When Buffett spoke of his beleaguered secretary back in 2000, his words made shallow ripples in the media, then sank from view. Today they've sparked a fierce debate across the country – and even helped inflame one around the world.
In Germany and France, wealthy citizens are petitioning their governments to tax them more; some are positioning themselves as Buffett's ideological cousins. In Italy, Luca di Montezemolo, the chairman of Ferrari, recently said in essence that the rich – the same people who can afford to buy his cars – can afford higher taxes and should pay them.
In the United States, an argument that appears to be about money is actually something much deeper: a fight over the nation's character, waged between two archetypes at the core of the American dream. In one corner is the rugged, up-by-the-bootstraps individualist. In the other is the egalitarian, level-the-playing-field populist.
But these figures have been dueling in the national psyche ever since a band of rebellious Colonists dumped boxes of tea into Boston's harbor. So why is the notion of taxing the rich such a pervasive issue right now?
The answer is twofold. First is the matter of America's budget deficit: The federal government is awash in red ink. The national debt stands at a staggering $14.8 trillion. And the tools required to promote growth and create long-term solvency – raising taxes and cutting spending – are driving a wedge between Democrats and Republicans.
"The acute nature of the economic crisis is such that a fair number of people of goodwill and intelligence feel the deficit has to be tackled as a solution to the long-term economic problems," says Steven R. Weisman, editorial director at the Peter G. Peterson Institute for International Economics in Washington, D.C., and author of "The Great Tax Wars." "Everybody knows that it can't just be done with spending alone, so they're turning to taxes."
The decision to focus on the deficit, it's worth adding, marks a seismic shift in the nation's economic policy. "Since the time of Keynes, it's generally been viewed as destructive to raise taxes or to cut spending at a time of recession. That's what we thought was the lesson of the Great Depression," adds Mr. Weisman. "But there is a feeling that we have to close the deficit, even though that's viewed as completely irrational among the diehard Keynesians."
Twelve legislators on a bipartisan "super committee" have been tasked with creating a plan by Nov. 23 to reduce the deficit by more than $1 trillion over the next 10 years. Failure to reach a compromise will unleash a round of automatic spending cuts, ones that both Democrats and Republicans find odious.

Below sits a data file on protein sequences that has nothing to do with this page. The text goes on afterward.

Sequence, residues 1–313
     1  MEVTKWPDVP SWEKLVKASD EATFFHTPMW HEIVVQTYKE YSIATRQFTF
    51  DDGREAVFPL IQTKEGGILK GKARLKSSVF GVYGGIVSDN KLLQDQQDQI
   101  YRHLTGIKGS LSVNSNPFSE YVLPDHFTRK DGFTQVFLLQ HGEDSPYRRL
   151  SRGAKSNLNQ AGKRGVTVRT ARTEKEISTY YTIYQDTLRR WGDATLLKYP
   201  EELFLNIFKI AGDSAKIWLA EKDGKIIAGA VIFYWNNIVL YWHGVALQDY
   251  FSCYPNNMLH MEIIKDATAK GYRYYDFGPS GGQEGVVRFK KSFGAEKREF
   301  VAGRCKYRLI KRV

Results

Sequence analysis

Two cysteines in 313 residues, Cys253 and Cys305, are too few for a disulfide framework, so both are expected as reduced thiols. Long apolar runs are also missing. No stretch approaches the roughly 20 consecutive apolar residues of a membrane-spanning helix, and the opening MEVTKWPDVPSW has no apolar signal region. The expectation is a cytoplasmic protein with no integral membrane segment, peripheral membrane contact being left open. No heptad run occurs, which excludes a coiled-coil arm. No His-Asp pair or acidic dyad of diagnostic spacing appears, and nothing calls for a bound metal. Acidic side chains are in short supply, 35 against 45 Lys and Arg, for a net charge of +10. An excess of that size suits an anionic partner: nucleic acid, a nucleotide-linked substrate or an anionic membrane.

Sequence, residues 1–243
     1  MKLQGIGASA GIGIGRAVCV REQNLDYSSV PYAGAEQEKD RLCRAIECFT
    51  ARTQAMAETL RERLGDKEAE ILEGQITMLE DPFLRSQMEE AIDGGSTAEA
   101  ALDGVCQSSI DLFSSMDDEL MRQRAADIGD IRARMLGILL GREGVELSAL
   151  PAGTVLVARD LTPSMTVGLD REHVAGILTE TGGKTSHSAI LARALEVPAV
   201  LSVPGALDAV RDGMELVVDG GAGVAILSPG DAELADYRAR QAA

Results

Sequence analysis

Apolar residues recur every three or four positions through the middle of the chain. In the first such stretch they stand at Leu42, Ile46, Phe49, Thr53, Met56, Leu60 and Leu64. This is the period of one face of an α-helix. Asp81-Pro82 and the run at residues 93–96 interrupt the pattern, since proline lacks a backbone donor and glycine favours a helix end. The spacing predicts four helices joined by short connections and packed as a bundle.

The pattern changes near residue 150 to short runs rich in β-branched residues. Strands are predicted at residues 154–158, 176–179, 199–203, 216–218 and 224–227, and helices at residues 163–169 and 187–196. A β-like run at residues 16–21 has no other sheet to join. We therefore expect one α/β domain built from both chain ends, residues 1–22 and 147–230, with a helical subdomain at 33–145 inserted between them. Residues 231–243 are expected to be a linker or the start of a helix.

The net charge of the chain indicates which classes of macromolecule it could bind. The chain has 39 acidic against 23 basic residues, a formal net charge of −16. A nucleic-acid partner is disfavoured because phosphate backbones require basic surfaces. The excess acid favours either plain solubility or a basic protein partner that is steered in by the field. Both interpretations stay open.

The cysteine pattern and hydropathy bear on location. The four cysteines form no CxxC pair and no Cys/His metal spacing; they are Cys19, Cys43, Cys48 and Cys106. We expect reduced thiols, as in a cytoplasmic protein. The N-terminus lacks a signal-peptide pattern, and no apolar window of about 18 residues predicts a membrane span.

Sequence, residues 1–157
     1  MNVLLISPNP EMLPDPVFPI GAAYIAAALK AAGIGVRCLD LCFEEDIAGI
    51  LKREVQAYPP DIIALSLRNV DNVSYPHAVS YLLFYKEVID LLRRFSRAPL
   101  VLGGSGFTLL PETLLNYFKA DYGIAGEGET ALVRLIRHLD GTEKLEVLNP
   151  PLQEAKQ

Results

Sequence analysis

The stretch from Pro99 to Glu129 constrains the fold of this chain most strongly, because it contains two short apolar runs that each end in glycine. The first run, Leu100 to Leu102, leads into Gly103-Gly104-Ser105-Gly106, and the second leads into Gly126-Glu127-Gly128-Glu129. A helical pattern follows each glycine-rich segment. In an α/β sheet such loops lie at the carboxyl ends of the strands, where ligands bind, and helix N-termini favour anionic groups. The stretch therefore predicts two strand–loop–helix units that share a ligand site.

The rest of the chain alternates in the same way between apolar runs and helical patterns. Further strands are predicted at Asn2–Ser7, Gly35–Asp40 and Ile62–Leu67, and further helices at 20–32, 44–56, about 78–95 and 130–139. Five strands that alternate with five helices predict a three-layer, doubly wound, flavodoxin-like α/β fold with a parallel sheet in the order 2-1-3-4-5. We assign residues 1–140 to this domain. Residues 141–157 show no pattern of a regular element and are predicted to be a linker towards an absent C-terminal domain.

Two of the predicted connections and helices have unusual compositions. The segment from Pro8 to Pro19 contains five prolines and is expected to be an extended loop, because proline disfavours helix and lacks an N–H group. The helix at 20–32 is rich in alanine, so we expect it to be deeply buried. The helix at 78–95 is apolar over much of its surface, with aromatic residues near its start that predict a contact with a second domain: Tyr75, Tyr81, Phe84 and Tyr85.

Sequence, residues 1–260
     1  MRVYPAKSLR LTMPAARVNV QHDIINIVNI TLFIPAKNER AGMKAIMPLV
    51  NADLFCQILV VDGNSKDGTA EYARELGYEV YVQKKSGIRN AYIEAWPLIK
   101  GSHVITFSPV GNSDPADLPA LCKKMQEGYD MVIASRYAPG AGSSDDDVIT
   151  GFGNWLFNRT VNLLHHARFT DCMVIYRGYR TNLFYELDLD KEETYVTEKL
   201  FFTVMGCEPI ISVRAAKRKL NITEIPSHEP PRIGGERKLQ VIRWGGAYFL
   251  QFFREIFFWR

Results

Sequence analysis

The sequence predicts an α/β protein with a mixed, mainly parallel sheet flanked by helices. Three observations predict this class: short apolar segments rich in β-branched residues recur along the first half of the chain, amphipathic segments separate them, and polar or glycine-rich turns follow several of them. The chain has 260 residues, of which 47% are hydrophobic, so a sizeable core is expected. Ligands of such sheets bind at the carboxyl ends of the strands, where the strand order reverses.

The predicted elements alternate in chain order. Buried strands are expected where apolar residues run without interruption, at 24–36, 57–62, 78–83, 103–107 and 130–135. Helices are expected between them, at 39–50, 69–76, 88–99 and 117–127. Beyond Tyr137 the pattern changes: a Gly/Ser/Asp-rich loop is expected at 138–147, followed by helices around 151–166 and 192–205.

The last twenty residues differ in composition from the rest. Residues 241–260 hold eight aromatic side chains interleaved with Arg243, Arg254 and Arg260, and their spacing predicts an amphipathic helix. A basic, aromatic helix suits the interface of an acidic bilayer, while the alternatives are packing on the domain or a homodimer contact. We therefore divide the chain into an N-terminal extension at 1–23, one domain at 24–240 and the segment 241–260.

Legislators are now locked in a game of chicken. Republicans have vowed to reject any tax increases. Mr. Obama pushed back, promising in a Rose Garden speech on Sept. 19 to veto any plan that cuts Medicare without raising taxes on the wealthy.
The deficit debacle is one impetus for cries of "tax the rich" on the left and subsequent howls of protest on the right. The other reason comes from life outside the halls of Congress. If you think the public ledger looks bad, consider the personal pocketbook.
More than 46 million Americans now live in poverty, according to census data released on Sept. 13. That number is the highest it's been since the US Census Bureau started keeping track 52 years ago.
Unemployment is hovering stubbornly around 9 percent, prompting Federal Reserve Chairman Ben Bernanke to declare a "national crisis" and Hallmark to release its first-ever line of layoff greeting cards. (One features an angry Persian cat offering to cough up a hairball on your ex-employer. Another depicts cartoon animals slouching toward the "unemployment office.")
The gulf between rich and poor is at its widest since the 1920s, and the wealthiest 1 percent of American households now take in more than 20 percent of total US income, a figure that's doubled in the past three decades. Over the same time period, marginal income tax rates on top earners dropped from 70 percent to 35 percent.
"It's become a moral issue rather than just an economic one," Robert Reich, the former Labor secretary and liberal political economist, says of taxation. "Most people in this country are flat on their backs economically. It's the worst economy since the Great Depression. We have a huge budget deficit that's getting worse."
"If the rich don't pay their fair share, then everyone else has to either pay more taxes or go without the public services they need," he adds.
Mr. Reich isn't alone in that belief. More than three-quarters of Americans support progressively increasing federal income taxes for households that earn at least $1 million annually, according to a Christian Science Monitor/TIPP poll taken last month. And 64 percent favor increases for households earning at least $250,000 a year.
Wealthy people, not surprisingly, are more divided over the idea. Only 23 percent of well-to-do Americans (those making more than $100,000) support tax increases for households making $250,000 a year, according to a September poll conducted by the Harrison Group and American Express Publishing Corp. But the support goes way up when the threshold rises: fully 65 percent of respondents said they would support tax increases on people making $1 million or more.